Setting up UART receiver interrupts

While the UART module can be configured for many interrupt events, this document will only cover configuring the UART module to generate an interrupt signal when a character arrives.

UART receiver threshold

The first bitfield (bit 0) in the ISR/IMR is defined in the Zynq’s TRM as ‘receiver FIFO Trigger’. The ‘Trigger’ is related to a programmable threshold value, found in the UART Receive Trigger Level register (UART1 address 0xE00010020). The value of this register is compared to the number of entries in the receive FIFO. If the number of entries in the RX fifo is greater than or equal to the threshold value, bit 0 in the ISR will set. If the corresponding bit is set in the IMR (it has been unmasked), the interrupt signal will be driven.

Configuration

To have the uart module interrupt when a byte arrives, set the threshold value to 1 byte and unmask the corresponding interrupt bit. A code example of doing so is shown below.

First register addresses are defined:

#define UART1_IER	*((uint32_t *) 0xE0001008)
#define UART1_IDR	*((uint32_t *) 0xE000100C)
#define UART1_ISR	*((uint32_t *) 0xE0001014)
#define UART1_RXTG	*((uint32_t *) 0xE0001020)

Then Functions for configuring registers:

void set_uart1_rx_trigger(uint32_t n)
{
	UART1_RXTG = n;
}

void unmask_uart1_rxtg_int(void)
{
	UART_1_IER=1;
}

void mask_uart1_rxtg_int(void)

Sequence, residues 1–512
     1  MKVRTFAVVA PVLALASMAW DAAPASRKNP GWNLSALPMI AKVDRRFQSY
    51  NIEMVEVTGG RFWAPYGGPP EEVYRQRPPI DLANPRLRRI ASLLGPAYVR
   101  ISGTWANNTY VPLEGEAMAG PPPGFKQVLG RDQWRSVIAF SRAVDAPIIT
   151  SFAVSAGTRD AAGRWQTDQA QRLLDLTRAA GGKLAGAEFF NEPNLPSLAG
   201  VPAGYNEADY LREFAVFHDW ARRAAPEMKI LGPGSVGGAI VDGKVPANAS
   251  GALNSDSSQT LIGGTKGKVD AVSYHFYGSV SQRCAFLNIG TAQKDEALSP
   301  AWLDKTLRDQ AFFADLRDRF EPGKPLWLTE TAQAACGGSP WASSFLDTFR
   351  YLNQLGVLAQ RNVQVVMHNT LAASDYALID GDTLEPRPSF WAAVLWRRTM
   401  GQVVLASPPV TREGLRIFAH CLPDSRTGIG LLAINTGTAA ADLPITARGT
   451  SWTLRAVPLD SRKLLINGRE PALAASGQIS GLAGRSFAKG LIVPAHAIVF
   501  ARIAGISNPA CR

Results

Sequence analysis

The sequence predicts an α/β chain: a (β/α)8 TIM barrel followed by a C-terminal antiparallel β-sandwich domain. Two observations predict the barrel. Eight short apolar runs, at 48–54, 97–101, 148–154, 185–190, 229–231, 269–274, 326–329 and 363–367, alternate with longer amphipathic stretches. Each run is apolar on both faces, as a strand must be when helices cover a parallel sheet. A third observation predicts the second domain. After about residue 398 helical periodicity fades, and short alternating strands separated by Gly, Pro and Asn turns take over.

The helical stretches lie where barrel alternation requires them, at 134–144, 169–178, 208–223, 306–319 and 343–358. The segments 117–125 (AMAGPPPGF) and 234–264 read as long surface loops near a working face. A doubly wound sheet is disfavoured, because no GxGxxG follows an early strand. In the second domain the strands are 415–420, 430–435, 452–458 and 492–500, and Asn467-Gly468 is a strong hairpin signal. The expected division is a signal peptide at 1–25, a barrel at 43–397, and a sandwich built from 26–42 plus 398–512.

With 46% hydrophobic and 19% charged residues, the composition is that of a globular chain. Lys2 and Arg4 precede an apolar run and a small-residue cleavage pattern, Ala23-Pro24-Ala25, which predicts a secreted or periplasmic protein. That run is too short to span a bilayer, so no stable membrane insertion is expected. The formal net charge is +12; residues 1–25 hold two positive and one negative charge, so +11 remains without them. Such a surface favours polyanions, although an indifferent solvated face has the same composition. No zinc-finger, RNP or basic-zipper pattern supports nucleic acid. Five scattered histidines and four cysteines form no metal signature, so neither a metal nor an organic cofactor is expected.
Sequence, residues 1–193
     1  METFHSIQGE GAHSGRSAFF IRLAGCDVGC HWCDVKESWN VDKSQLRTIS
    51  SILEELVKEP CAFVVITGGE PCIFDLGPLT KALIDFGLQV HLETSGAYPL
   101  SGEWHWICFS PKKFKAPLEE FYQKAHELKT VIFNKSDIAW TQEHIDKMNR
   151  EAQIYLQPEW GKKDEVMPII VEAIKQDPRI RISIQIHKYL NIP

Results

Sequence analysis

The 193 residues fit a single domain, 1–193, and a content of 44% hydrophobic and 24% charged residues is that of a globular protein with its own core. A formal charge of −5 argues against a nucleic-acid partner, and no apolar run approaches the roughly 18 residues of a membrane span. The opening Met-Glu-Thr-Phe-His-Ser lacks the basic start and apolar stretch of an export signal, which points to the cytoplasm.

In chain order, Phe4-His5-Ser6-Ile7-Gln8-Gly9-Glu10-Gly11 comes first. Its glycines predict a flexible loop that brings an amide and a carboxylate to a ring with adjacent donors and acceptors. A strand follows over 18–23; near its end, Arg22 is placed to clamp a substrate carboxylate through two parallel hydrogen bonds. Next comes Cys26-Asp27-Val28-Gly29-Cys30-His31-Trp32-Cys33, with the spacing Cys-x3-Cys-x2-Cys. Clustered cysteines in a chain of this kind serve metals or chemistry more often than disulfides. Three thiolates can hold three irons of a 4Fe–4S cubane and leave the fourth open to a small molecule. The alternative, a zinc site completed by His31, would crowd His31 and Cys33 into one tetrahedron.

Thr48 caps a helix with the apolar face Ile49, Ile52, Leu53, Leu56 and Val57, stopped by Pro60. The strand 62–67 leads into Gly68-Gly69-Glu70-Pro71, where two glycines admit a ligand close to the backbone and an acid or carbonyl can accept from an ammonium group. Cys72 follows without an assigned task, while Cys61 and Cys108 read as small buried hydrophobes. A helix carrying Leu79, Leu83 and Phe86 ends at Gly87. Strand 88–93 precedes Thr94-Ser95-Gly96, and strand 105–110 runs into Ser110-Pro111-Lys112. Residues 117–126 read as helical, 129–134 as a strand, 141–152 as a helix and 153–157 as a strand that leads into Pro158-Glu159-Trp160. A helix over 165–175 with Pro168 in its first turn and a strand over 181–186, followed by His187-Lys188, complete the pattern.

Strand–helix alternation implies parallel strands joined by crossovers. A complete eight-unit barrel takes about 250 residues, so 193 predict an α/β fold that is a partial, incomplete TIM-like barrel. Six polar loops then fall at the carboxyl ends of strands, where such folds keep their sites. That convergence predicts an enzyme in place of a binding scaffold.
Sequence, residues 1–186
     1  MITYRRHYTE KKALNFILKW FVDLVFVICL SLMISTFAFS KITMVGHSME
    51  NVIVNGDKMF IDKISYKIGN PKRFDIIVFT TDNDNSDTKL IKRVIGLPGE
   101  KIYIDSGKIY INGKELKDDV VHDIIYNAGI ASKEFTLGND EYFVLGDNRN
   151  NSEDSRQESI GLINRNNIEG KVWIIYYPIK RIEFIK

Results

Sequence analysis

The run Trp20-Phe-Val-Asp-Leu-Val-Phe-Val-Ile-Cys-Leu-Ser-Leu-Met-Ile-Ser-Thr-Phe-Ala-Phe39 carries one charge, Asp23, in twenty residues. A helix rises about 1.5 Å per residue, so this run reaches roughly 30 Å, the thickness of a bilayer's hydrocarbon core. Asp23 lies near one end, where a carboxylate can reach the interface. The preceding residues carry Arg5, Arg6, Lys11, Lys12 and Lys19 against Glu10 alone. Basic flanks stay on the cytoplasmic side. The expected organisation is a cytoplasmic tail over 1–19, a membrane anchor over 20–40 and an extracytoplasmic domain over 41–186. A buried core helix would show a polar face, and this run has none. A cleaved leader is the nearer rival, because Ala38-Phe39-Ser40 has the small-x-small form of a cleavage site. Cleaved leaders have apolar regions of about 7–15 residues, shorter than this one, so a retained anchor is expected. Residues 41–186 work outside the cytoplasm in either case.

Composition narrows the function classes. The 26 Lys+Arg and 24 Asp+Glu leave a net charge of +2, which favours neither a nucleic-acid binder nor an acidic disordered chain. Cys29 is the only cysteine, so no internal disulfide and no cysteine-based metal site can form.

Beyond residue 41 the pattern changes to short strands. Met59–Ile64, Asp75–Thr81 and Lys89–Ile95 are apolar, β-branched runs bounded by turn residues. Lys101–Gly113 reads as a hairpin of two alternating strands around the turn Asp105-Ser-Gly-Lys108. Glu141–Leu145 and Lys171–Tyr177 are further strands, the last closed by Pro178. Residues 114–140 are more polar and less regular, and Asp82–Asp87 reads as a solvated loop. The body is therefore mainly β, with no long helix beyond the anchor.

{
	UART_1_IDR=1;
}

void enable_uart1_byte_rx_int(void)
{
	set_uart1_rx_trigger(1);
	unmask_uart1_rxtg_int;
}

After calling enable_uart1_byte_rx_int, whenever there is at least one byte in the receive FIFO, the interrupt signal from the UART module to the GIC will be asserted. The GIC must be configured to allow this interrupt signal to reach the processor.

Servicing a UART interrupt

When the UART interrupt is configured and enabled, the interrupt must be serviced when it occurs. If an enabled interrupt is not handled correctly it can hang up the entire system. In the case of the interrupt we configured above, data must be read from the FIFO until it’s below the threshold. The flag must also be cleared, otherwise the interrupt will occur again after returning.

The code below services the UART interrupt by reading all the bytes in the RX FIFO. Since the threshold is set to 1 byte, all data must be read from the FIFO. If the threshold was higher, the data count in the fifo would just need to be under the threshold. The received data is read into a dummy variable, but not used. Make sure to add meaningful effects in the service handler you write. At the end of the function, all of the UART flags are cleared to indicate the interrupt request has been serviced.

//clears all UART1 interrupt flags
void clear_uart1_int_flags(void)
{
	UART1_ISR = UART1_ISR;
}

//reads all data out of receive FIFO and clears interrupt flags.
void service_uart1_int(void)
{
	char dummy;

	//read until FIFO is empty		
	while(!uart1_rx_empty())
		dummy = uart1_read_char(); //place in dummy character

	clear_uart1_int_flags();	//clear flags

}

The function service_uart1_int above cannot be used as a interrupt service routine as it is. The function does not check which peripheral caused the interrupt, nor does it acknowledge the end of the interrupt to the GIC. Make sure to write a proper interrupt handler, which can call your service function or perform the processing directly in the handler function.